Wednesday, October 3, 2012

My Garden Grows


Over the summer I finally put up some crintin woven fencing and turned the little space between my hut and my host mom Mariama's cooking hut into a little garden. My host family helped me get the crintin and I cleared out the trash and bricks, dug out some plots, and picked out some seeds to plant. 




With the help of Mankaba (above) and his older brother Mamadou (below with the moringa) I planted moringa, squash, cherry tomatoes, wax beans, radishes, okra and cucumbers. I tried to plant hot peppers and bitter eggplant but they didn't sprout. Luckily, Mariama, Mamadou and Mankaba's mother, has a nice garden of her own and transplanted a few seedlings over. My little garden's right next to her sleeping hut and her cooking hut it makes for a convenient kitchen garden - if all goes well the tomatoes will go in maafe tiga (the peanut sauce we eat with rice for lunch), the spinach-ish moringa leaves will go in maafe hakko (the leaf sauce we have with corn couscous for dinner) and the other things will be mixed into cucumber salads, added to sauces, or eaten afternoon snacks.


When I cleared out the garden space I realized that the moringa that Lindsay, the PCV I replaced, had planted a couple years ago had survived the long dry seasons and months and months of neglect. In Senegal people call moringa nebba die, from the English "never die" because it's such a tenacious plant. It was nice, feeling like there was some continuity between my little garden and the one she and Mamadou had planted during her service.


My first harvest of radishes and wax beans was somewhat accidental. I'd gone in only planning to thin  the radishes, which were growing in dense and tightly spaced, but most of them were already big enough to call it 'picking' rather than 'thinning.' I also snapped off a handful of beautiful purple beans (which turned green when steamed) and had a delicious mid-morning snack. Like many other Volunteers who haven't gardened in ages and who are lucky enough to live in southern Senegal (where the dirt seems to be made of Miracle-Grow) watching plants spring up in garden beds and produce recognizable, edible things seems slightly magical.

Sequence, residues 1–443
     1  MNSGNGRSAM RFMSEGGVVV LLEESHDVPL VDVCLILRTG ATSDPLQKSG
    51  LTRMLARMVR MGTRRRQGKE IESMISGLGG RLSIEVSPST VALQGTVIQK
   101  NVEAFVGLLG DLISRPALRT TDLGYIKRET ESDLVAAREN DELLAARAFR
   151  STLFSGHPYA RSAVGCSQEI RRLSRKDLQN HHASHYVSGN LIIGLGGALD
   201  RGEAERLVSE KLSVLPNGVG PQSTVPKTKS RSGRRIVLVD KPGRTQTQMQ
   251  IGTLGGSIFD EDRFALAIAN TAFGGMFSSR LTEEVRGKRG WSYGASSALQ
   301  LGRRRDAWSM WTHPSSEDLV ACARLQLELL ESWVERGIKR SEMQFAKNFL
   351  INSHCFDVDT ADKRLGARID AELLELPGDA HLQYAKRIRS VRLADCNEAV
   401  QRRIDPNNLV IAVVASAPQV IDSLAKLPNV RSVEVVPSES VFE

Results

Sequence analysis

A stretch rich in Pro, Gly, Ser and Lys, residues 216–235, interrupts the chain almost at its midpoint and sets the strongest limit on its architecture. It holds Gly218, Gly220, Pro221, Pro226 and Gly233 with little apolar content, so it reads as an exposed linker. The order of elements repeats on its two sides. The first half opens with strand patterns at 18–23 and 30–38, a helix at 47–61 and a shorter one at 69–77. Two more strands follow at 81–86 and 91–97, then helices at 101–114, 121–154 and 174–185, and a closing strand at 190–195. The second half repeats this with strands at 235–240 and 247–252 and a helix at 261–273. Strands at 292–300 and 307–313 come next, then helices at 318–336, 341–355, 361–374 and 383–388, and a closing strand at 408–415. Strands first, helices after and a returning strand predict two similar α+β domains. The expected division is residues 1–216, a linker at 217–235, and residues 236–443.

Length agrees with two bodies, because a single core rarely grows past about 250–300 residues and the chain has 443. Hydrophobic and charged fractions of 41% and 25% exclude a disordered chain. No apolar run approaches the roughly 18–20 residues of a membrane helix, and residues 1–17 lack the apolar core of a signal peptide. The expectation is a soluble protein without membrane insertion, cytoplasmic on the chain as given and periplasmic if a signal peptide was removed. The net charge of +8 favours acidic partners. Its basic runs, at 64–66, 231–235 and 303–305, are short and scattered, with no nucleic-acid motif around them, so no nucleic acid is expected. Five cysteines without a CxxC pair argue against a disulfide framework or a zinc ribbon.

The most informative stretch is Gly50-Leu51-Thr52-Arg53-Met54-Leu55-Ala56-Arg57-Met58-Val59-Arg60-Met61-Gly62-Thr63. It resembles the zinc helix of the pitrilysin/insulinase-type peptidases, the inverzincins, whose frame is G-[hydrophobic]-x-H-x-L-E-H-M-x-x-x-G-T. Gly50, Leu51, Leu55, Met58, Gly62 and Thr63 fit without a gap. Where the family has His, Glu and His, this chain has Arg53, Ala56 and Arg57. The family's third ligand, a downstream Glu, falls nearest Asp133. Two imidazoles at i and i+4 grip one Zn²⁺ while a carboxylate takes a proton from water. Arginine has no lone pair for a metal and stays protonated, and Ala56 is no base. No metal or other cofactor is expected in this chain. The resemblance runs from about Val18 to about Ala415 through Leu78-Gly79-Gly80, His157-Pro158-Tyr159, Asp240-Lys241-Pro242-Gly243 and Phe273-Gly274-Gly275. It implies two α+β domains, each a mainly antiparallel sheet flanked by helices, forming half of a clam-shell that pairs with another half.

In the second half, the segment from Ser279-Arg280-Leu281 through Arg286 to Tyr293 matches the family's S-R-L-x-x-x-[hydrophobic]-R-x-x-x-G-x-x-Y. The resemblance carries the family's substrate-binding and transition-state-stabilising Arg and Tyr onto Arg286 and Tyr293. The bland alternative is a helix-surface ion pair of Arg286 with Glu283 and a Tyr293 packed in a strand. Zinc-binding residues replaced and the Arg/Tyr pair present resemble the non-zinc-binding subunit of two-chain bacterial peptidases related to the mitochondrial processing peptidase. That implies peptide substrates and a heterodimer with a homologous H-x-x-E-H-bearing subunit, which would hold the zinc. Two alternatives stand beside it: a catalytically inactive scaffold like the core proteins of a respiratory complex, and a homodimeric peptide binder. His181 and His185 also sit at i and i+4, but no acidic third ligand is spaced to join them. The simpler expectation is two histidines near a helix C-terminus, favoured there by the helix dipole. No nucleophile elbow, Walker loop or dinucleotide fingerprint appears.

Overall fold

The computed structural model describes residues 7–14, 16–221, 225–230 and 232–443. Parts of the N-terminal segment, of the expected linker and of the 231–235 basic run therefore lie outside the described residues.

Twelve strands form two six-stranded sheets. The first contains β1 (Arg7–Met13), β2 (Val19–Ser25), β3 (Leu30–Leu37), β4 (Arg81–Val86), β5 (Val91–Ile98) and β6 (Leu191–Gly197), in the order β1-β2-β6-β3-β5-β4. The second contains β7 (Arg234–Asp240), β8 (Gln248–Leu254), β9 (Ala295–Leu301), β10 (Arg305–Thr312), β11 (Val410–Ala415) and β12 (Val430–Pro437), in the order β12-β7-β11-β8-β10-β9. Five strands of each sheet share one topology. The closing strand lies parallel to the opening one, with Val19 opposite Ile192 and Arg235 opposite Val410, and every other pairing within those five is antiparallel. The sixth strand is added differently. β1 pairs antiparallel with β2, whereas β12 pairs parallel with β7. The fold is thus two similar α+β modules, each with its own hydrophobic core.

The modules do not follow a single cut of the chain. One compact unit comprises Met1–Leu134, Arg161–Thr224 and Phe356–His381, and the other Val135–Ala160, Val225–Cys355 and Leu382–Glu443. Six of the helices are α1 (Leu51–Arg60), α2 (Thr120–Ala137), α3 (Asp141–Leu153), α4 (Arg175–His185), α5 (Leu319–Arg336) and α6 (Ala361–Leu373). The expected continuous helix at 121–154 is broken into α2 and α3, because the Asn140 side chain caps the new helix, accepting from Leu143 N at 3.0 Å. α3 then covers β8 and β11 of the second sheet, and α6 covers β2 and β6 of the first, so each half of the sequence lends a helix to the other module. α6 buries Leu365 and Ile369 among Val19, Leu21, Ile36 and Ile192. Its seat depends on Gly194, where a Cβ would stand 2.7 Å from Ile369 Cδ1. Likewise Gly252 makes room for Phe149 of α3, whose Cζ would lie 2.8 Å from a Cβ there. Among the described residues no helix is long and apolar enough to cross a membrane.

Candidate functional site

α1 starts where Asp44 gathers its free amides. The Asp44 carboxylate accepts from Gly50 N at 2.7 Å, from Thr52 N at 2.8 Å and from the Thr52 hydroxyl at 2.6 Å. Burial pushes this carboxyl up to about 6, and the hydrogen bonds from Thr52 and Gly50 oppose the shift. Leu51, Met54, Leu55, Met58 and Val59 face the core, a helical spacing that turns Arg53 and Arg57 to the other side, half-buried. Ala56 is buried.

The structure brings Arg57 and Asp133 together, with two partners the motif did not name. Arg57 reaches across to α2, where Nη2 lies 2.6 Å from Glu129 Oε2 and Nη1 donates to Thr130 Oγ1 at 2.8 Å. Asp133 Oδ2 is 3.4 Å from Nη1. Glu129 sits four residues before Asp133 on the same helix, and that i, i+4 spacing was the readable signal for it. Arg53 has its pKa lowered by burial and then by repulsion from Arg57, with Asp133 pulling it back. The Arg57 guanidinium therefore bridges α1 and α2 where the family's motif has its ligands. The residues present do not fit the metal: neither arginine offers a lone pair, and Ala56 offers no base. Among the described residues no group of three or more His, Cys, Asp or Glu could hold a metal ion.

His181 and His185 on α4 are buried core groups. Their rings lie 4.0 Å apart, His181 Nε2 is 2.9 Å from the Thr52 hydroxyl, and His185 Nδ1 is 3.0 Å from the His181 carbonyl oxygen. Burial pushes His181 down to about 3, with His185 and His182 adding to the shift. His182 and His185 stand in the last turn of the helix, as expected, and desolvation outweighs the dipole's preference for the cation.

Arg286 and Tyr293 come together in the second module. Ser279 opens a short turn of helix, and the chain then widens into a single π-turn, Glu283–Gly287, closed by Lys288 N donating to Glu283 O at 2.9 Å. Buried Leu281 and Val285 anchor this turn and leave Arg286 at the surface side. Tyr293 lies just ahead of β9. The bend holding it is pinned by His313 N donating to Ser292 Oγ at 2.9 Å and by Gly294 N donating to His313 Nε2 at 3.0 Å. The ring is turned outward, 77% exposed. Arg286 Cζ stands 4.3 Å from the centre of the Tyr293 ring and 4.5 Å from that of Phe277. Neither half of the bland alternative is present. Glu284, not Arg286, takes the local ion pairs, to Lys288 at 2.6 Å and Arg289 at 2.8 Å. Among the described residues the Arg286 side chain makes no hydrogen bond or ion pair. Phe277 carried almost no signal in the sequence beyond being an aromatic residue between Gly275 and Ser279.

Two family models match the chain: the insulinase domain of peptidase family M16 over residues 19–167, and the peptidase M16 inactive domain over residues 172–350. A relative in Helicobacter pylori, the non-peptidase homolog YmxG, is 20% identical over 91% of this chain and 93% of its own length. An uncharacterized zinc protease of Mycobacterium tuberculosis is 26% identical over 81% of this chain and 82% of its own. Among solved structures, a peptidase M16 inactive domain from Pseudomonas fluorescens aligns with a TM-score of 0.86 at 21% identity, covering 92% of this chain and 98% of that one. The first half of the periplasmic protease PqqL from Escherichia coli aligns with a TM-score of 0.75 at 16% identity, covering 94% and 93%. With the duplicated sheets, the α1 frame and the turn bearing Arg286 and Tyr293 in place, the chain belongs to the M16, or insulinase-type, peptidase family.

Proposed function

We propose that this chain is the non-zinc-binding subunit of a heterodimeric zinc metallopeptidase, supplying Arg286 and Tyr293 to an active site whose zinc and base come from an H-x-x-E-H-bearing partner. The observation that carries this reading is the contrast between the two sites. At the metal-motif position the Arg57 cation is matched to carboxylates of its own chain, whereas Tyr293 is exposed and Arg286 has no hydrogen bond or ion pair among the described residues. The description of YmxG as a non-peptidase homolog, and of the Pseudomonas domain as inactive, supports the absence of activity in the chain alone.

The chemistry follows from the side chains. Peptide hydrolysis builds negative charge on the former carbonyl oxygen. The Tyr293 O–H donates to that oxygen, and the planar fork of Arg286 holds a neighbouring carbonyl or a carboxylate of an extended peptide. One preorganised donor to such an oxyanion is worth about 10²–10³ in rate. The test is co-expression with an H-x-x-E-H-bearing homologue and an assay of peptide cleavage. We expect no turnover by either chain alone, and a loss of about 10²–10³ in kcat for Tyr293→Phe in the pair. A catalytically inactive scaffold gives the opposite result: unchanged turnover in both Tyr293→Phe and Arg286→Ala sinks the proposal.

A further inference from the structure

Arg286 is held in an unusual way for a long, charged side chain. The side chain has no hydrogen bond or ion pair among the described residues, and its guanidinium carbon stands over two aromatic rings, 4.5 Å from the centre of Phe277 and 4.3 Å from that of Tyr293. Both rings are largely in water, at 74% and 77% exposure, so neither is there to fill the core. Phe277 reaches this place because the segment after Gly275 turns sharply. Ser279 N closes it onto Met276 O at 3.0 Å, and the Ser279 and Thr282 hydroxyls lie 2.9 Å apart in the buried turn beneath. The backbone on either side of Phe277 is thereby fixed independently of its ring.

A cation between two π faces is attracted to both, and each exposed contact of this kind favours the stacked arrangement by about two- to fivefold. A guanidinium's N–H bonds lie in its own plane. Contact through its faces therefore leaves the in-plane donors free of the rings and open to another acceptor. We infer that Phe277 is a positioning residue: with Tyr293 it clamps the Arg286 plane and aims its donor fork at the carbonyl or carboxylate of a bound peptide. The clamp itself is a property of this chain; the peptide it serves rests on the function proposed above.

One day Mamadou planted a little banana tree. It's great, but I'm a little worried about its long-term survival outlook, since rainy season is drawing to a close and bananas need a lot of water. For the time being, though, it's a fun addition. Mariama's bitter eggplant and not peppers are coming along well, and the tomatoes are growing like they're trying to take over the world. I keep having to prop them up and trim them back so they don't cover the plants nearest them.




The squash has started fruit and also to climb up my hut; the tomatoes and okra are sprouting little tomatoes and okras, and the cucumber is blossoming nicely. I'm about to be out of village for almost a month because of work - project-related meetings and trainings followed by a Health summit in Thiès -  and I'm a little sad that I won't be able to keep an eye on my garden. While I'm away I'll check in with Mamadou and Mariama, though, and hopefully they'll be able to start harvesting some useful fruits and veggies pretty soon. 

2 comments:

  1. hey larocha, cool post! hope you're doing well. in regards to the banana, banana "trees" are really good with processing grey water, so it'll probably be able to handle bath water/dish water/rinse water and then that way you won't have to rely on rain fall or pull tons of extra water from a well!

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  2. Thanks Emily! I was wondering about that, actually -- the rains are tapering off, time to start Bucket bathing into a baignoire, I guess.

    Hope all's going well for you!!

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